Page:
By the time stone road construction began in 1811, making it one of the first improved highways to be built by the U.S. Federal government, the Historic National Road was already a pathway of history. Initially a trail carved by native Indian tribes, it was adopted by pioneers, fought for by soldiers, exploited by rugged adventurers, and finally transformed by Industrial Revolutionaries into a vital commercial route. It might be said that this is where America took its first steps toward independence... and kept right on walking.
From the Addison Tollhouse near the Mason-Dixon line to the village of Brownsville, the Historic National Road meanders northwest, unrolling, scroll-like, to reveal significant places and moments from the early decades of our nation. Key battles of the French and Indian War were fought here. George Washington traveled this route, and assumed his first command at Fort Necessity.
Later, as the U.S. expanded westward, the Historic National Road became a key access way to new, untamed territories. It opened up valuable new resources-first for hunters, trappers and farmers, and soon after for industrialists capitalizing on the area's rich deposits of coal and iron ore and its vast woodlands.
Today part of U.S. Route 40, the 90-mile Historic National Road Heritage Corridor gives visitors the opportunity to relive the full scope of American History. All of it set in some of the most beautiful landscapes this nation has to offer.
The Lincoln Highway (also known as U.S. Route 30) easily predates the great superhighways as America's first transcontinental road. Beginning in New York City and ending in San Francisco, it boasts some 3,142 miles of roadway-well over 100 of which pass through the Laurel Highlands.
Heading west and starting near Bedford and passing through Jeannette and Irwin before moving on to Pittsburgh, our section of the Lincoln Highway Heritage winds up, down and through the countryside. With just a pair of lanes, bordered by breathtakingly beautiful vistas and fascinating points of interest on this route, there's "something for everybody," which isn't a cliché; it's a mile-after-mile reality.
Because the highway was, first and foremost, a thoroughfare for early motorists, many of its attractions are right along the roadway. And we're not just talking "scenic overlooks" (although we have plenty.) Everything from Revolution-era fortresses to quaint "Main Street" communities with abundant shopping, amusement parks, live-performance theaters, fine restaurants, the Big Mac Museum. All just a turn off the highway. You'll even spot public works of art, the "Roadside Giants," created for your pleasure by local students.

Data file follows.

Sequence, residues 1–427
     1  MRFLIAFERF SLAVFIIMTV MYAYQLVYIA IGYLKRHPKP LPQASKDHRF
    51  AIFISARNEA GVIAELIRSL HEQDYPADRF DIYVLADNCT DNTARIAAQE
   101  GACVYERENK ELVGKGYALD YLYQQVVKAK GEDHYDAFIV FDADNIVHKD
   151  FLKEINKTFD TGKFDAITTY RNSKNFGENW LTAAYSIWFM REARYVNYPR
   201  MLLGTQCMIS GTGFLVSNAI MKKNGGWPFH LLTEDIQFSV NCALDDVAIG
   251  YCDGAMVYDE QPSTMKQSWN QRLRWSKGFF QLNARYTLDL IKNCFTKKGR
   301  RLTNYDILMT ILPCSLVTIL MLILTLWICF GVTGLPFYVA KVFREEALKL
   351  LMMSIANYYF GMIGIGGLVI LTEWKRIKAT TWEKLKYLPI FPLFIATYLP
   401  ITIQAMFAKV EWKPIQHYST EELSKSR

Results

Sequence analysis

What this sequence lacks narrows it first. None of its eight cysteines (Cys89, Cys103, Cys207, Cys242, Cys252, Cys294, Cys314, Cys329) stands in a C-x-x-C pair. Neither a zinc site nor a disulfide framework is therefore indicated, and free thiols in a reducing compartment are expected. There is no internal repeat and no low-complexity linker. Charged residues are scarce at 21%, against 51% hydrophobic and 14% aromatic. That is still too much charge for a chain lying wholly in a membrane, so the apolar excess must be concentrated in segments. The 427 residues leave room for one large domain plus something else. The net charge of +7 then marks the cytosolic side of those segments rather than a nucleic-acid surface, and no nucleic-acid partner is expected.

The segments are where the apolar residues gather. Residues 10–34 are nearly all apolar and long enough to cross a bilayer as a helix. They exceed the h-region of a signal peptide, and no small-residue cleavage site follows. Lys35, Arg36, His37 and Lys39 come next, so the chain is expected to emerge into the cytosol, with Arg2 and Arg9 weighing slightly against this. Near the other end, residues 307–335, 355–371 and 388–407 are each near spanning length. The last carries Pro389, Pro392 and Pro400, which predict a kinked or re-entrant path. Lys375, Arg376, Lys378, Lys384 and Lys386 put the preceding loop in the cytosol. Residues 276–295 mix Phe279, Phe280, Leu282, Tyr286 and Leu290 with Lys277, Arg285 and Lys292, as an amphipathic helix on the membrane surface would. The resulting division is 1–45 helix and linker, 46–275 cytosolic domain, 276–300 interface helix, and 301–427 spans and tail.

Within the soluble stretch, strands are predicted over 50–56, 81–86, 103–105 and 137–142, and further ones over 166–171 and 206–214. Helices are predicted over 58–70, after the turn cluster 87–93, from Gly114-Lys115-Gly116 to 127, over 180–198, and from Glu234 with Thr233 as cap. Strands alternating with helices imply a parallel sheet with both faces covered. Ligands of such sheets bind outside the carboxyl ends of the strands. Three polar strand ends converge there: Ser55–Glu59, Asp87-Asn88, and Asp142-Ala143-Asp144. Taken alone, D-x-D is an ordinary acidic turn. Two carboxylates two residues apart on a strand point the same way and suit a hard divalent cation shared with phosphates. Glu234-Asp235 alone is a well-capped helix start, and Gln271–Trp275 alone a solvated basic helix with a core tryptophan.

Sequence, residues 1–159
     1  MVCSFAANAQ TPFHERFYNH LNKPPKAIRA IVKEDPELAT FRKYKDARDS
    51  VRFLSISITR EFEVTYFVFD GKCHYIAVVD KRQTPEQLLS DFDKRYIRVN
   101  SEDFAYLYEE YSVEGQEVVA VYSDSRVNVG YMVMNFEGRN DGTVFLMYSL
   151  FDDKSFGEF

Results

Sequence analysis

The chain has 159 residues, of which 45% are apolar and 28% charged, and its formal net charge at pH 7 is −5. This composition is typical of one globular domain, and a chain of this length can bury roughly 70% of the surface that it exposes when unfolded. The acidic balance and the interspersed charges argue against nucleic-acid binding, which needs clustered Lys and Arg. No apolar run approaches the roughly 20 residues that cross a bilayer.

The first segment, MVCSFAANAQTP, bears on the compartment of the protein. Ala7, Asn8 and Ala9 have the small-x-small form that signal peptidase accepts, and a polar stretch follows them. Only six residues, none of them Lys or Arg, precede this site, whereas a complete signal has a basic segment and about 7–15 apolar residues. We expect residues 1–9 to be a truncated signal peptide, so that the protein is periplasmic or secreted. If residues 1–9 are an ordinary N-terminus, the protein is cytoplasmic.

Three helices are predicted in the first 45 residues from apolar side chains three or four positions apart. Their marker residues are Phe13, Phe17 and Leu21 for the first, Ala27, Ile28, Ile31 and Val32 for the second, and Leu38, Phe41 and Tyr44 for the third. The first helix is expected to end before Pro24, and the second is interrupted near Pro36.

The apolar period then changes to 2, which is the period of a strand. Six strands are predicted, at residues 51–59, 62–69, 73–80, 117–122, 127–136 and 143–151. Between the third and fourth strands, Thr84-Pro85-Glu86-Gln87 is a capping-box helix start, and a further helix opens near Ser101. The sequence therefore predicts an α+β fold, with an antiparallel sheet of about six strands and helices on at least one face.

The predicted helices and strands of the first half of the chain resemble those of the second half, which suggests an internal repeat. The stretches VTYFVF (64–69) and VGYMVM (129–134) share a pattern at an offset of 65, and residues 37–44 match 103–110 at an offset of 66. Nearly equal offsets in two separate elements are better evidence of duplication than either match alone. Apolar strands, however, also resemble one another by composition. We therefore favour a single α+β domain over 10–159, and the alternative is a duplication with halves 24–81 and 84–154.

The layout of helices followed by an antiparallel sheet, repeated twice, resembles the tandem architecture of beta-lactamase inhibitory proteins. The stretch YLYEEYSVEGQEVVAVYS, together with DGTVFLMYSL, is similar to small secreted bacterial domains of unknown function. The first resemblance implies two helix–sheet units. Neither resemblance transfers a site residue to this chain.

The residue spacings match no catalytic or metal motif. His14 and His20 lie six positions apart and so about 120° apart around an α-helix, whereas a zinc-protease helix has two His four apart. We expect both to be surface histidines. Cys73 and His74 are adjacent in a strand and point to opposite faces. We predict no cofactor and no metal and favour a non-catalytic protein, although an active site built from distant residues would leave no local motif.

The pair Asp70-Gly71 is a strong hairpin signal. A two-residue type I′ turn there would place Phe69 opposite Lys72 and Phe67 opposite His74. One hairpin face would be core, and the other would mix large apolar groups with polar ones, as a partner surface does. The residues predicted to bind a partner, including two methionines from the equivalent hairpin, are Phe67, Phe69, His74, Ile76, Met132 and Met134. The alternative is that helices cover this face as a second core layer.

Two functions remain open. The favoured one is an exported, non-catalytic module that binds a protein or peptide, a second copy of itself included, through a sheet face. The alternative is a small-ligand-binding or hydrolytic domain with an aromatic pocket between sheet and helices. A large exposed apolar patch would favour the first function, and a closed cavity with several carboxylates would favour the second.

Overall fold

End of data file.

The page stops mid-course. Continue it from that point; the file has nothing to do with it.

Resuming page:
In this case, the route is the destination, and the journey is one to be savored. Take it slow, and let the wonderful, ever-changing nature of the Lincoln Highway delight you as you go.
The Laurel Highlands is known for its scenery, and the Laurel Highlands Scenic Byway never disappoints.
Running roughly 68 miles southwest from Seward, through historic Ligonier, Donegal and Ohiopyle, and ending just south of Farmington (where it intersects with Rt. 40, also known as the Historic National Road), the Byway follows Pennsylvania Routes 711 and 381. Along the way, it fills the senses, sparking and rewarding natural curiosity with each turn, new vista, and passing point of interest.
In terms of geography, the scenic byway provides a concentrated dose of everything the Laurel Highlands was endowed with by nature. You'll see rolling hillsides, weathered but majestic Allegheny peaks, and farmlands so lovely, they almost seem created for beauty rather than function.
You'll also find plenty of history and art along the way. Near its northeast boundary, the Byway offers easy access to Fort Ligonier. Near its southern end and its intersection with the Historic National Road, it either accesses or places you within a short connecting drive of all these points of interest: Braddock's Grave, the Fort Necessity National Battlefield, and all three Frank Lloyd Wright sites in the region-Fallingwater, Kentuck Knob and the Duncan House.
Use the Laurel Highlands Scenic Byway for your own explorations on foot, bicycle, raft, or rails. And by all means, check out the other scenic routes our region offers. Beautiful memories are waiting to be made.
The Laurel Highlands is a great place to put your car to excellent use. Along essentially every highway and byway in our region, you'll find endless beauty. Places of great historic or artistic interest. Moments of surprise and sheer delight. Lots of opportunities to get out, stretch, and breathe in the beauty of our land. And, ultimately, a lifetime of memories.